Finish Line

The election for Tucson's mayor and City Council races is almost here

Tucson voters will pick a new mayor and decide the fate of three incumbent Tucson City Council members on Tuesday, Nov. 8.

But most voters won't be going to the polls to do so, because the city has instituted a new vote-by-mail system, and ballots were sent to all of Tucson's registered voters.

As of Monday, Oct. 31, the Tucson City's Clerk's Office had gotten back 47,160 of the roughly 211,000 ballots that were mailed out in mid-October, according to Suzanne Mesich, an assistant city clerk.

That put turnout at 22 percent already, with a week left for voters to cast ballots.

Democratic voters, who significantly outnumber Republicans in the city limits, had sent back 22,422 ballots, while Republicans had sent back 14,669. Libertarians had mailed in 247 ballots; Green Party voters had sent in 169; and independent voters not affiliated with those parties had sent in 9,653.

Those early numbers are good news for Democrats, although simply being a registered Democrat does not guarantee that a voter will support the party ticket.

The Weekly has been reporting on the races since June, so if you want to learn more about the candidates before casting your ballot, you can visit our website for more information on their backgrounds and positions.

But as the candidates hit the final stretch, here's the latest news:

In the mayor's race: Democrat Jonathan Rothschild has been hammering Republican opponent Rick Grinnell for his role on the Rio Nuevo board, which is suing the city of Tucson for $47 million, demanding control of various downtown properties, and refusing to spend any money on repairing the Tucson Convention Center. (Most recently, the Rio Nuevo board threatened to evict the city from the TCC if the city doesn't divert tax dollars from public safety, parks, transportation or other city services into fixing it up.)

Rothschild has also pounded Grinnell for his proposal to cut back trash service to once every 10 days or every other week as a cost-savings measure.

Grinnell, who walked back his proposal to reduce trash service after discovering that it violated state law and was unpopular with voters, has been criticizing Rothschild because the Democratic mayoral nominee is supported by Democrats on the Tucson City Council.

Grinnell has been making most of his charges via a slick TV ad, which he's been able to keep on the air after his campaign qualified for city matching funds last week.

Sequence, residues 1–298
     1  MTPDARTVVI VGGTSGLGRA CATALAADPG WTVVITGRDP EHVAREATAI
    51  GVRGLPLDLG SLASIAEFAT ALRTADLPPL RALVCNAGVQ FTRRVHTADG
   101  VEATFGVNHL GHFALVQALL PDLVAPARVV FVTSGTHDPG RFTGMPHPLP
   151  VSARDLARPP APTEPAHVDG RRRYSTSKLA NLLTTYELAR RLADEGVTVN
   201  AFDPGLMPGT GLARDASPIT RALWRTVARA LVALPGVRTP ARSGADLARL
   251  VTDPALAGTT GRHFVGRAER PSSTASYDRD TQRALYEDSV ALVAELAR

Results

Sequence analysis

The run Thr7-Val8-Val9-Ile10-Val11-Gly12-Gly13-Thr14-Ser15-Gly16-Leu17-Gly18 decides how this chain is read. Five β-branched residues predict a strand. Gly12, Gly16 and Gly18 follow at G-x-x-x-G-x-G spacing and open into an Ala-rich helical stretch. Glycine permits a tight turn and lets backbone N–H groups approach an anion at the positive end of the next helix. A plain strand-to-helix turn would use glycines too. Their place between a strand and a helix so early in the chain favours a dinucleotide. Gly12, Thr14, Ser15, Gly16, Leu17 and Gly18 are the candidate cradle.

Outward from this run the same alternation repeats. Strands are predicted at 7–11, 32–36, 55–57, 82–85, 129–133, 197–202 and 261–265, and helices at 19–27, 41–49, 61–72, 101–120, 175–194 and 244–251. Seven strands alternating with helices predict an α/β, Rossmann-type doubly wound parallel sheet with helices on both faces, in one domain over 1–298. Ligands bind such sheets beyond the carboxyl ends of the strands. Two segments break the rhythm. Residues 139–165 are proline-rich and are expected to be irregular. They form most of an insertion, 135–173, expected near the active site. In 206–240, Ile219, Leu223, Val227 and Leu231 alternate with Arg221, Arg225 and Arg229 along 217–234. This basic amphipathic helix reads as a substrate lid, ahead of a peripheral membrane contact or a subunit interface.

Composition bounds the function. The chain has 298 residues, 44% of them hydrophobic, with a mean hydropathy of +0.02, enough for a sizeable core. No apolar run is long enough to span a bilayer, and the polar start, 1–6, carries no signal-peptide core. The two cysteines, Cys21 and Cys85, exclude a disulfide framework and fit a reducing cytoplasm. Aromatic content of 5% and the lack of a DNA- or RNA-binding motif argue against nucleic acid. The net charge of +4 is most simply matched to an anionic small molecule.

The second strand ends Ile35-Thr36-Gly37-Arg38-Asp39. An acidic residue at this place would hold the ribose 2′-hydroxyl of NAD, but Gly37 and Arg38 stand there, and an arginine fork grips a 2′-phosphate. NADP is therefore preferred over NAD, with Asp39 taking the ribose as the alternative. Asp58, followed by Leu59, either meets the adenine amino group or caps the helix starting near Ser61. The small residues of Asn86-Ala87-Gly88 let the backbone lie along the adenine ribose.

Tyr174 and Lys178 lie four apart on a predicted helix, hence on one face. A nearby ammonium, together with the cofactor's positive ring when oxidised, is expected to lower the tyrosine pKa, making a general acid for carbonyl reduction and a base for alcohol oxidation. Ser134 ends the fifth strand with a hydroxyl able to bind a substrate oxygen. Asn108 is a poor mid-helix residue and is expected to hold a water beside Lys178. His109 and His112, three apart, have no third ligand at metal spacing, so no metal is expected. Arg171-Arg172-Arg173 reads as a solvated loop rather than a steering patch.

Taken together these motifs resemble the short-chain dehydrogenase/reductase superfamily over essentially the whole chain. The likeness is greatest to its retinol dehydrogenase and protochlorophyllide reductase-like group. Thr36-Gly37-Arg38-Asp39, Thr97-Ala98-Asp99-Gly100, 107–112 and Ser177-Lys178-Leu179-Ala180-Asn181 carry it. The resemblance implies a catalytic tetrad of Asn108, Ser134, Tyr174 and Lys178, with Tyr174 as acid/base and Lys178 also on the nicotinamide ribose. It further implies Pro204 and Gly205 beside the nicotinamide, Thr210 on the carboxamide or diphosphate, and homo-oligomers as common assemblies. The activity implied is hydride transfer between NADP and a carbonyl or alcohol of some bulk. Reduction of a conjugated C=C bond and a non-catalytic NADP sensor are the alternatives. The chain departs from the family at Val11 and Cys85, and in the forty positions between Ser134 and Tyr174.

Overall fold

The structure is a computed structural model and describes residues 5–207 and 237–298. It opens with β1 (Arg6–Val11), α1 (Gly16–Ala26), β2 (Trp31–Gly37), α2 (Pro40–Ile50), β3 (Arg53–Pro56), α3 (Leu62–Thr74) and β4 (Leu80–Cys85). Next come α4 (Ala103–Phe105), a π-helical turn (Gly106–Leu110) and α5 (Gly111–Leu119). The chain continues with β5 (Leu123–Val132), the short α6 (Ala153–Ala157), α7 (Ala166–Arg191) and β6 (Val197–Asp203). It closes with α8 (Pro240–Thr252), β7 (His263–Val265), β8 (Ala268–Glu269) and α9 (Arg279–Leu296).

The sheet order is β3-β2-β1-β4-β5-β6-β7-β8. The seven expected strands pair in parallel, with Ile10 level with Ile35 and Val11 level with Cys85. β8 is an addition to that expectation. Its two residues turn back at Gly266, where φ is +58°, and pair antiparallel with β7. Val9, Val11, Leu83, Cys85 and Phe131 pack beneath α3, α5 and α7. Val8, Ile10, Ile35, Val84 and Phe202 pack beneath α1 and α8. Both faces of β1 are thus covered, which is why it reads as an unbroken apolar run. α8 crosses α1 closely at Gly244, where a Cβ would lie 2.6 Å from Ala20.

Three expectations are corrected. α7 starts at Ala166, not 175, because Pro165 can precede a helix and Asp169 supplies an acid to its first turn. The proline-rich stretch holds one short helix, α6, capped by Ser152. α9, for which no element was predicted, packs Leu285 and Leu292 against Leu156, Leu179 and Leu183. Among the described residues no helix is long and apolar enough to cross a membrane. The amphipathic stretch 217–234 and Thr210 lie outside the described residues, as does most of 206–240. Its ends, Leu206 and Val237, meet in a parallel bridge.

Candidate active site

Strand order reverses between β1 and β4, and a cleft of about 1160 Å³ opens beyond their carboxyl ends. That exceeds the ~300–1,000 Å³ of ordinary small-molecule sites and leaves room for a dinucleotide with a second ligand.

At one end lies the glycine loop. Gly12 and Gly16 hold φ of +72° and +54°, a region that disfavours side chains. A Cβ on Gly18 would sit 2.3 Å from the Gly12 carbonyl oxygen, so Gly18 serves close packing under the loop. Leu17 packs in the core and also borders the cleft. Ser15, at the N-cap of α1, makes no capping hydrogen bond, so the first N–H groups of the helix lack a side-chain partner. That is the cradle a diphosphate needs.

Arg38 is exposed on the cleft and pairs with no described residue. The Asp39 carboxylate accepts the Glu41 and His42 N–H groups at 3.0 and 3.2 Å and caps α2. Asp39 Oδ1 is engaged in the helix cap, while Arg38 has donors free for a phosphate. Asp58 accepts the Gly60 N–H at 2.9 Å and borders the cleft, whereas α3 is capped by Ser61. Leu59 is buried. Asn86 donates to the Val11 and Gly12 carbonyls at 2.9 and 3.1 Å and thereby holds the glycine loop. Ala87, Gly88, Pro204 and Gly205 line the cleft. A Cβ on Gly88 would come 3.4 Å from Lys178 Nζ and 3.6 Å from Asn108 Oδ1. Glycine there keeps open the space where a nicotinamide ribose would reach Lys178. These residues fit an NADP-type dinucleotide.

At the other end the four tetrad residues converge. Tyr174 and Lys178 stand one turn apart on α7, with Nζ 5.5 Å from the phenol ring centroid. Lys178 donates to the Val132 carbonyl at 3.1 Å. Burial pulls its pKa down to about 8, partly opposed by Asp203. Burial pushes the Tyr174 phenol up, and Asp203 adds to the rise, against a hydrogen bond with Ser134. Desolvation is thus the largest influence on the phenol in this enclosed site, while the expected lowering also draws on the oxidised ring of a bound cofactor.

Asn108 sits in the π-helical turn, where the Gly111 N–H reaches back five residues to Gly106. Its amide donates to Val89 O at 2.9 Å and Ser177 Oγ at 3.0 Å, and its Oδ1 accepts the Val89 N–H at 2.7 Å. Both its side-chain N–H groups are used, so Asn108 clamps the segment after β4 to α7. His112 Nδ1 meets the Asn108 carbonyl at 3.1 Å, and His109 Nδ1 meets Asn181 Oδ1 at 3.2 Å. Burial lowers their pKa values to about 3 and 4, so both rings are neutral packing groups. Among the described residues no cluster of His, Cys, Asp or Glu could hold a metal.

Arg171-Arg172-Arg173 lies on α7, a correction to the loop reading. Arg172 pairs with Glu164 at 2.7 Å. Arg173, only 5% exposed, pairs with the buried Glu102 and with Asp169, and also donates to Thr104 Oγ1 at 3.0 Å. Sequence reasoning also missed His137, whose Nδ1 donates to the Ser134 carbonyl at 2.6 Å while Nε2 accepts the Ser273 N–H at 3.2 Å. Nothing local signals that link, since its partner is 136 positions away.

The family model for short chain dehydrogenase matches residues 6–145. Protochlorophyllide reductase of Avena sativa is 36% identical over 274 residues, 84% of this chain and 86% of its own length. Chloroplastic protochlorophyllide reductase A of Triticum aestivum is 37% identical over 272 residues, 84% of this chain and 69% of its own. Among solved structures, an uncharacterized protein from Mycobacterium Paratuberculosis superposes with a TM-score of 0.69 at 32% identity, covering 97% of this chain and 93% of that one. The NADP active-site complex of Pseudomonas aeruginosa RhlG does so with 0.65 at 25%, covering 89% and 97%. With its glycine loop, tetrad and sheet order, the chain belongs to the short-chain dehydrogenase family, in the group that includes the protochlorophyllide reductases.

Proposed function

Meanwhile, Green Party nominee Mary DeCamp, who was evicted from her foreclosed home during the mayoral campaign, has moved into a tent set up in downtown's Armory Park as part of the Occupy Tucson movement.

DeCamp prematurely celebrated her campaign's qualification for city matching funds last week before city officials informed her that she had not, in fact, crossed the threshold of receiving a minimum of 300 contributions of at least $10 from city residents. DeCamp met with city officials on Monday, Oct. 31, to provide supplemental contributions to qualify.

In the Ward 2 race: Democratic City Councilman Paul Cunningham has campaigned on a platform of protecting public safety, creating more jobs and fixing more roads. His Republican opponent, Jennifer Rawson, has been attacking him with a TV ad that claims Cunningham cut the city's 911-system budget.

Rawson, who touts her business acumen developed while working for the Xerox Corporation in the 1980s, says that Cunningham probably didn't mean to trim funding for the 911 service, "but by the same token, he doesn't know how to read the budget."

Rawson seems to be suffering from some difficulty with numbers herself, having turned in 17 amended campaign-finance reports since June. Also, despite the multitude of amended reports, Rawson does not appear to have thus far reported any spending on the television advertisements that she has been running.

In the Ward 4 race: Democratic incumbent Shirley Scott has focused her attacks on Republican challenger Tyler Vogt's support for Tea Party politics—Vogt has called for privatizing the city's garbage collection, for example—as well as his use of city email lists acquired via public-records requests to send out campaign bulletins.

Vogt has criticized Scott by claiming that the four-term councilmember has failed to control spending on the city's Rio Nuevo downtown-redevelopment efforts.

In the Ward 1 race: Democratic incumbent Regina Romero is facing Green Party candidate Beryl Baker, who has done relatively little campaigning to unseat Romero.

Election officials say that ballots should be mailed by Friday, Nov. 4, in order to arrive in time for counting on Election Day.

If you don't mail your ballot before then, you can drop it off—or get a new one—between 6 a.m. and 7 p.m. at one of six polling places set up in individual wards:

• Randolph Golf Complex, 600 S. Alvernon Way.

• Quincie Douglas Branch Library, 1585 E. 36th St.

• Clements Recreation Center, 8155 E. Poinciana Drive.

• St. Demetrios Greek Orthodox Church, 1145 E. Fort Lowell Road.

• Udall Park Recreation Center, 7200 E. Tanque Verde Road.

• Valencia Branch Library, 202 W. Valencia Road.

• Tucson City Clerk Elections Center, 800 E. 12th St.